The Gospel narrative recounts the familiar yet ever wondrous event of Jesus walking across a raging sea to rescue his disciples at risk of perishing (Matthew 14: 22-33). After he calms the sea, they exclaim, "Truly you are the Son of God." That is precisely why we follow Him, and no other. Not only did he calm the wind and sea and perform other miracles, but also he himself rose from the dead and opened for humanity the doors to eternal life. He makes clear our destination, our destiny, and he himself is the way. No one else to follow.

The episode from the life of the prophet Elijah recounted in the first reading (1Kings 19:9, 11-13) teaches us that following the Lord begins with encountering him. There is a really important lesson here for us. Notice that Elijah recognizes the presence of God not in the noise of wind, earthquake and fire, but in "a sound of sheer silence." How alien silence is to much of our lives! This seems especially the case when we try to be still in prayer. Instantly we are beset with the wind of expectations, the earthquake of failures and the fire of anxiety. Yes, God may well choose to speak to us in all of this, but often they are distractions of human origin, often that of our pride. To follow means first to ask for the grace of inner stillness, that we may truly encounter the Lord speaking to us in his Holy Word and follow where he leads.

The experience of St. Paul, narrated by the Apostle himself in the passage from Romans (9:1-5), exemplifies the need was we follow the Lord for trust in God's fidelity to his promises. In this passage and the two chapters that follow, St Paul is grappling with the rejection of the Gospel by his fellow Jews. In the end he finds consolation In the truth that God does not revoke his call and is never unfaithful to all he has promised, and that, therefore, God will use even this rejection for the accomplishment of his saving plan for the whole world, including, of course, for God's chosen People.  How often are we, too, in anguish at the rejection of our Gospel proclamation, especially when this involves members of our own family! We trust in God's fidelity, and so are confident that He is at work in the lives of all, leading them to the Gospel. Thus, as followers, we continue to proclaim the Gospel by word and deed, trusting the consequences, even rejection, to God and consoled in the knowledge that God will turn all things to the good.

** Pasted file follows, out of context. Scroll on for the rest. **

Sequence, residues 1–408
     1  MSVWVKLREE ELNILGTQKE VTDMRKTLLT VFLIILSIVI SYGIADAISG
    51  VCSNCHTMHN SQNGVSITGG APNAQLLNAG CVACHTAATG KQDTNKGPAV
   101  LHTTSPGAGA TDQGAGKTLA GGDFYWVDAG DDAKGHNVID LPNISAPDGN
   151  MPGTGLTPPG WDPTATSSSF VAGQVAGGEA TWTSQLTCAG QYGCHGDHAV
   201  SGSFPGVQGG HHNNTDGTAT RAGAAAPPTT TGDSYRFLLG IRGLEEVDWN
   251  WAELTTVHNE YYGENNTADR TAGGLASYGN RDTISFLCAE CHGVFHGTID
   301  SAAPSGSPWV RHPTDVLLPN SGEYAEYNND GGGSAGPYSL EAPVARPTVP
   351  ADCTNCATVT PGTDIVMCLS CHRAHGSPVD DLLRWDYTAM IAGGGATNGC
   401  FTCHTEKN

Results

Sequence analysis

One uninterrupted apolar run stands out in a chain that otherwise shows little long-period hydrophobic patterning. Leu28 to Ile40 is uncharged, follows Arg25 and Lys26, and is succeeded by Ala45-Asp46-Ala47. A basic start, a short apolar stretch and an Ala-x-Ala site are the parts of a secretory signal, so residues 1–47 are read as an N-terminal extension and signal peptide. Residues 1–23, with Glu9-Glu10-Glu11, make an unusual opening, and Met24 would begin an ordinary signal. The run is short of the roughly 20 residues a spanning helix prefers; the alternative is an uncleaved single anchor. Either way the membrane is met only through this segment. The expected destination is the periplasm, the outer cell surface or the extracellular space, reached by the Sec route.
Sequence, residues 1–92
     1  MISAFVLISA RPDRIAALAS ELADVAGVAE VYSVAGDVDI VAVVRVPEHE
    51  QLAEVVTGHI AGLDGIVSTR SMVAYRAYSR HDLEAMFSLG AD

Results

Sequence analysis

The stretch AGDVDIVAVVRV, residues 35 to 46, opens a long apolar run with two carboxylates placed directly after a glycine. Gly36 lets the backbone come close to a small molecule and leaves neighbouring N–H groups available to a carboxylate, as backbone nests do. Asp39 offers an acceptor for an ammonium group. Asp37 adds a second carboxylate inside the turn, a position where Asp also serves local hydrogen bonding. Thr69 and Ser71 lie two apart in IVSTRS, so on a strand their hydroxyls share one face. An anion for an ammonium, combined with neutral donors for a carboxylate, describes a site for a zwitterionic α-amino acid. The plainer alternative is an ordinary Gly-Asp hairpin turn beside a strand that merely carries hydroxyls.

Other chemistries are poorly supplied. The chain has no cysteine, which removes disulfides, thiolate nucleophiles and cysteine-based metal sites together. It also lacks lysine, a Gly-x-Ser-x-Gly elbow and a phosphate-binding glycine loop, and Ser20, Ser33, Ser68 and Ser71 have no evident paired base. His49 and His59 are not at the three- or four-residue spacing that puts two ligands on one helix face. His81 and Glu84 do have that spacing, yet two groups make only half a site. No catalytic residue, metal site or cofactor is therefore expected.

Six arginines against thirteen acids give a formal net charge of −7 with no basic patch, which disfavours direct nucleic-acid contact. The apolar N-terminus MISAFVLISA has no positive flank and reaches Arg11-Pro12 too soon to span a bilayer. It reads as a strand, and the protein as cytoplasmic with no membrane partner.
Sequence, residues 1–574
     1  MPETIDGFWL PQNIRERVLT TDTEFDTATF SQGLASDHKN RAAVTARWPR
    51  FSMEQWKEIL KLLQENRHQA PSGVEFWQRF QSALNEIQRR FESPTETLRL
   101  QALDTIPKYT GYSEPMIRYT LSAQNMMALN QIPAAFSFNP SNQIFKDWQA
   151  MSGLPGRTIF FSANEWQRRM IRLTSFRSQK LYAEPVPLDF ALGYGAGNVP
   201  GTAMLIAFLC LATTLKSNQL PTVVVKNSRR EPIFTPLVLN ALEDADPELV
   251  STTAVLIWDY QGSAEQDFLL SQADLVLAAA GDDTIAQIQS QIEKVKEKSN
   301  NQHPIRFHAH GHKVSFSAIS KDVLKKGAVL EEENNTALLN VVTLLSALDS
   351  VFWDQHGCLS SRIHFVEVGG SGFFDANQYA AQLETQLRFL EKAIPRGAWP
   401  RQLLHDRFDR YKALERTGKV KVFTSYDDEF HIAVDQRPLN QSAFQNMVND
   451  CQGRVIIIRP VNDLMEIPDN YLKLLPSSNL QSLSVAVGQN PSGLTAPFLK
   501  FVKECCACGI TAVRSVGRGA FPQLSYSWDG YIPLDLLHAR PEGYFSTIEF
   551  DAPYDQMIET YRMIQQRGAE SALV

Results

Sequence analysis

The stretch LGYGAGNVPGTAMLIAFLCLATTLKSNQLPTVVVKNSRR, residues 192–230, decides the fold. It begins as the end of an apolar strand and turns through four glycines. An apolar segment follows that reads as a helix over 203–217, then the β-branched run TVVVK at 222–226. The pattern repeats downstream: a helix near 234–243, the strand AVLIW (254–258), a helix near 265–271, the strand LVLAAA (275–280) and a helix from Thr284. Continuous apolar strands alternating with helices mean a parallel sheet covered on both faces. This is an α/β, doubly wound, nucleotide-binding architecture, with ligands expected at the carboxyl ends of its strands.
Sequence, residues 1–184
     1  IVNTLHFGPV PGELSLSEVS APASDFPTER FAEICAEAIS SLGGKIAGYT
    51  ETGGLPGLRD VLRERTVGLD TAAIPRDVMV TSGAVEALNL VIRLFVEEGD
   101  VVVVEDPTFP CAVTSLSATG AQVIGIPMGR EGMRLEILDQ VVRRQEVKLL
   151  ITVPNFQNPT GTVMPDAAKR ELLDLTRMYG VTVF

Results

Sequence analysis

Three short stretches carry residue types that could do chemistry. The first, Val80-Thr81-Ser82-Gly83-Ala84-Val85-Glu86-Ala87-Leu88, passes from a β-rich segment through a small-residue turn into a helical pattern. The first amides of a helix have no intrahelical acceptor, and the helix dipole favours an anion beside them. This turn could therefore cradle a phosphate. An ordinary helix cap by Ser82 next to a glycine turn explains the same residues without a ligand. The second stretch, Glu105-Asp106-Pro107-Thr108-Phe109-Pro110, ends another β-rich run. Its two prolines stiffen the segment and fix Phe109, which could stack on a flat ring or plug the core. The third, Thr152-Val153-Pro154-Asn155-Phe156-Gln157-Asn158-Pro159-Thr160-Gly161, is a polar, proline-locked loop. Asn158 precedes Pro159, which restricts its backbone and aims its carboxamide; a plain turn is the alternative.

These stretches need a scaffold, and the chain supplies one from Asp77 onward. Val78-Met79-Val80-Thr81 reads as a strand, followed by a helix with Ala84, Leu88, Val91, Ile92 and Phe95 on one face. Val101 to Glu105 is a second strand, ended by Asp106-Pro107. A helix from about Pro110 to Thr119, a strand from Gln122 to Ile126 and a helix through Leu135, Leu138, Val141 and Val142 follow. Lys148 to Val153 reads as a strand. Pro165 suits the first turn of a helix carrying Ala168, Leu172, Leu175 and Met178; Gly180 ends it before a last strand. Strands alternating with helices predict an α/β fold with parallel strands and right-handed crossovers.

Finally, following Christ means inviting Jesus into the boat of our lives, asking him to calm whatever storms beset us. In other words, it means giving up all illusion of self-reliance. In addition, it also means being ready to step out of the boat, as St Peter did. Concretely, this means being willing to step out into the uncertain and frightful, acutely conscious of our vulnerability and weakness, yet joyfully aware that the Lord always holds us by the arm.

To be a follower of Jesus Christ is entirely different from being a social media follower. To follow him is to give him our all. May he grant us the grace to do so.

Tuesday, August 8, 2017

Noise Cancellation